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Sep 23

Top factors that affect your car insurance rate

Reading Time: 4 mins

It can be tempting to increase your deductible or reduce your coverage to lower the cost of your car insurance.

These are the two things that will most effectively reduce your expenses.

These aren’t the only things that can affect your cost, however. You can and should pay attention to many other factors.

Although not all things are within your control, there are some things you can do. Even knowing the details of your insurance rates can help you a lot.

 

1. Your driving record

It should not surprise you that your driving record matters. If you had an accident or even a claim, your chances of finding cheap car insurance get lower.

While the last three to five years are most important, a company can go back further. You could get lower rates if you don’t have a ticket or an accident during that period.

Rates could rise for those who have been in an accident or ticket.

For example, those who are convicted of a DUI see a 36% increase.

Remember that all claims will count against you. However, at-fault claims will increase your rates more than comprehensive claims.

To ensure that your insurance doesn’t get cancelled, you want to be as safe as possible.

You are more at risk the more claims you make.

Even if the claims are minor or you are not at fault, they could still be considered. This is because your car insurance company still considers you a risk and could charge you for damages.

 

2. Your Coverage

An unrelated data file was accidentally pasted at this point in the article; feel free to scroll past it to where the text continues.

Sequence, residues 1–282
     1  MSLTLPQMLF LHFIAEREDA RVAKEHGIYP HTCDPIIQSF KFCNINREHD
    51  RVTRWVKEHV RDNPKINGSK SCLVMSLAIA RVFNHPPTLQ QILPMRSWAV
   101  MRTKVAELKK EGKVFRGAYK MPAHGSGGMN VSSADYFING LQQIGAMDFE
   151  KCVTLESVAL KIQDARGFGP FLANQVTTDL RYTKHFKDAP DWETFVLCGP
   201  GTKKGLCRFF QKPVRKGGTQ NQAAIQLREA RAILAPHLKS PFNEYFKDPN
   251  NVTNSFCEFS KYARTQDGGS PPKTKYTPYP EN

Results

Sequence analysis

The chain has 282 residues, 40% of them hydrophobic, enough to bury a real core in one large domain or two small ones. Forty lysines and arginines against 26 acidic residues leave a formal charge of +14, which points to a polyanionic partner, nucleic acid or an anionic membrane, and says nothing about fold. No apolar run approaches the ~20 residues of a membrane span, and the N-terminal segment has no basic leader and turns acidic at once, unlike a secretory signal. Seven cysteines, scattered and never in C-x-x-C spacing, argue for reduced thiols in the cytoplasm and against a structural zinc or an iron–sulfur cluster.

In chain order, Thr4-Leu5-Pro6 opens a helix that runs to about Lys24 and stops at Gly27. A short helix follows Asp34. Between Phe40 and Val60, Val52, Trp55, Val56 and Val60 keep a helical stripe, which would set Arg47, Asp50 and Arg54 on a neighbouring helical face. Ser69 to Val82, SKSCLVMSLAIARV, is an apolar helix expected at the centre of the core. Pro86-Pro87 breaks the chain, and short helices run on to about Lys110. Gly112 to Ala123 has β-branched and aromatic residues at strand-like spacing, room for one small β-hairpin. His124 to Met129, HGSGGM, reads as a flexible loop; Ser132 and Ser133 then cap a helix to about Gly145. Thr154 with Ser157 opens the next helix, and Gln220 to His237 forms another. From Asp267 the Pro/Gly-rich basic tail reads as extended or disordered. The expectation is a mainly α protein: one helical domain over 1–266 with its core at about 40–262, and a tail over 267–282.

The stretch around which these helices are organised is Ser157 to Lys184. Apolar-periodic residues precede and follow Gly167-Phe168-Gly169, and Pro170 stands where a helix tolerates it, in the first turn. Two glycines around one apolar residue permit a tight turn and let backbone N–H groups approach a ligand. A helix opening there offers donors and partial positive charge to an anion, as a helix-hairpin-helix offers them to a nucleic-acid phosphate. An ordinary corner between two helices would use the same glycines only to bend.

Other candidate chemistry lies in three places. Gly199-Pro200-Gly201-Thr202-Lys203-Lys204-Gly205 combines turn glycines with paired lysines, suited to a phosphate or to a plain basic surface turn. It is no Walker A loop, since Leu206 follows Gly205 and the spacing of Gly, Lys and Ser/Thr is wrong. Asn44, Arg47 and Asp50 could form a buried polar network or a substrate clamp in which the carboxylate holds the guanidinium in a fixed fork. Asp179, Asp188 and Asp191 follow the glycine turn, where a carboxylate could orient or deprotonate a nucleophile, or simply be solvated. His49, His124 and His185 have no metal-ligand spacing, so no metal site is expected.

Another important aspect is the coverage you select.

Your state may require that you have certain types of coverage. However, you will have final say over any additional coverage.

You’ll pay less if you only go with the minimum. You’ll pay more if your limits of liability are higher or you add collision or comprehensive coverage.

Remember that you are trading lower costs for greater protection in the event of an accident. If your costs are low, you may end up paying more in the case you get into an accident or don’t have enough coverage.

 

3. Location

Your area includes your state as well as your zip code. This is because every state has its own regulations regarding car insurance. You may require something different.

Car accidents in urban areas are more frequent, and insurance claims are more common. You will pay more for insurance than someone who lives in a rural area.

The claims you have for vandalism, stolen cars, commonality of claims, weather patterns, and vandalism are reflected in your zip code. These factors can increase your risk, which can lead to a higher cost.

It’s vital to find out if your state allows insurance companies to use your location to determine your eligibility. Not all states allow this.

California residents must provide their address only after they have checked your driving records, mileage and how long you’ve been driving.

 

4. Deductible

You are responsible for paying a portion of the cost of repairs to your vehicle before your insurance covers it. This is the deductible.